a sword fight (iai-do) with a training partner is carried
out only as an exercise with narrowly-defined safety precautions;
fencing with BAMBOO swords (kendo) is derived from
the old samurai tradition. In Shinto myth the STORM god Susano-o
(see CAVE, RICE) kills an eight-headed SNAKE and draws from
it tail the sword "Ame no murakomo no tsuguri,"
which today, accompanied by PEARLS and a MIRROR, is among
the imperial treasures of Japan.
the Occident the sword is the weapon of the archangel Michael,
King David, and Judith, who used one to behead Holofernes.
In the Book of Revelation a sword comes out of Christ's mouth
[1:16], a symbol of indomitable powers and divine truth, coming
down from heaven like a bolt of LIGHTENING. The sword is a
symbol of sovereignty in the hand of St. Stephen of Hungary
or Charlemagne; of a martyr's death when it is an attribute
of the saints Paul, James the Greater, Thomas Beckett, Catherine,
or Lucia. In the Gospel according to Luke, Simeon tells the
Virgin Mary that her soul will be pierced by a sword, a prediction
of the extraordinary suffering that she will undergo. In baroque
iconography we occasionally find depictions of SEVEN swords,
a reference to the seven sorrows of Mary.
general, the sword is a symbol of vitality and strength, most
frequently an attribute of gods of war (see MARS) or (as a
symbol for lightening) THUNDER. In Catholic doctrine the "two
swords" symbolized spiritual and temporal dominion; Pope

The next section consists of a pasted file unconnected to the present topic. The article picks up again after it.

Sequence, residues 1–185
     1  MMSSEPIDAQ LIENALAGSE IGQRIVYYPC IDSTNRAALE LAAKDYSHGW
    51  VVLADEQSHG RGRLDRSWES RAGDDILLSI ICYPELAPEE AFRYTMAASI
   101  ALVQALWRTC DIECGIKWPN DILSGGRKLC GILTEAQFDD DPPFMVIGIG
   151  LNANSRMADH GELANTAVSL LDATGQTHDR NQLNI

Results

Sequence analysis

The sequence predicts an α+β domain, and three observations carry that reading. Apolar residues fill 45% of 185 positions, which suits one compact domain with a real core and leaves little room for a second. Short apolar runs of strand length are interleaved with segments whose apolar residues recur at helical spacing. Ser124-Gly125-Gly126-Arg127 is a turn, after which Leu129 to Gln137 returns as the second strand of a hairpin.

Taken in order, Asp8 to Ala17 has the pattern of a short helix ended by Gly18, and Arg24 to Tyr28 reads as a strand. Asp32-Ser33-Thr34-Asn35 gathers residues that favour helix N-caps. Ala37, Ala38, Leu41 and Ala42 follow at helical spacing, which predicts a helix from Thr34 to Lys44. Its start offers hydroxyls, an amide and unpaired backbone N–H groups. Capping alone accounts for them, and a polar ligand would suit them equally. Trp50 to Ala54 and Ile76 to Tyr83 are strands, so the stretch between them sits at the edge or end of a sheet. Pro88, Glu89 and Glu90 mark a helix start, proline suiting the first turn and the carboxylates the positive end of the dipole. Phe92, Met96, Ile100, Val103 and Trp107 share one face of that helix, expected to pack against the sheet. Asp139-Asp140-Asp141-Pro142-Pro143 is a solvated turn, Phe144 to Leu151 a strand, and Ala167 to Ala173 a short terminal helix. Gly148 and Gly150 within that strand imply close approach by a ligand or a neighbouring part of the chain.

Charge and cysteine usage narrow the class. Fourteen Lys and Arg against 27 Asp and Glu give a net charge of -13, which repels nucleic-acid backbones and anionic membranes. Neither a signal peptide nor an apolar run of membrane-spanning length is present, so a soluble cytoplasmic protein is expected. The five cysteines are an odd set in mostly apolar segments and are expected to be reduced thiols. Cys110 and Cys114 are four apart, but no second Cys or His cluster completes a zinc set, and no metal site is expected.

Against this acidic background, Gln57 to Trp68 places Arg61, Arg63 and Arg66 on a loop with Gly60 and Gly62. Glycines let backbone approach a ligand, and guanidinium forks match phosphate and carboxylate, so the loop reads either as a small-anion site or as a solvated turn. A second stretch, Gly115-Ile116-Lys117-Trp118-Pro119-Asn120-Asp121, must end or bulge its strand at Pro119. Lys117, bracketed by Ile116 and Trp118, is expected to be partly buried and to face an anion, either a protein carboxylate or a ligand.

Innocent III, among others, spoke of EMPERORS or KINGS as
his vassals to whom he turned over the temporal sword as a
most familiar sword in English tradition is King Arthur's
Excalibur, which only the young Arthur was able to draw out
of the stone in which it was lodged. In Thomas Malory's Morte
d'Arthur, however, it is the Lady of the Lake who hands
Excalibur to Arthur.
in exceptional cases do we find the decidedly masculine symbol
of the sword in a woman's hand. JOAN OF ARC (burned at the
stake in 1431) claimed that ... (If you've read this far then
you should DEFinitely go pick up your own copy of the book
because there's even MORE to the definition that I haven't
typed in <lol>). ....
Posted: January 17, 2004.
Want to know more? Go out and pick up a copy of the book(s) quoted and expand your mind :) These are MY teachers, the people who teach me about symbolism :) I hope the supplied definitions help you understand the art found on this site.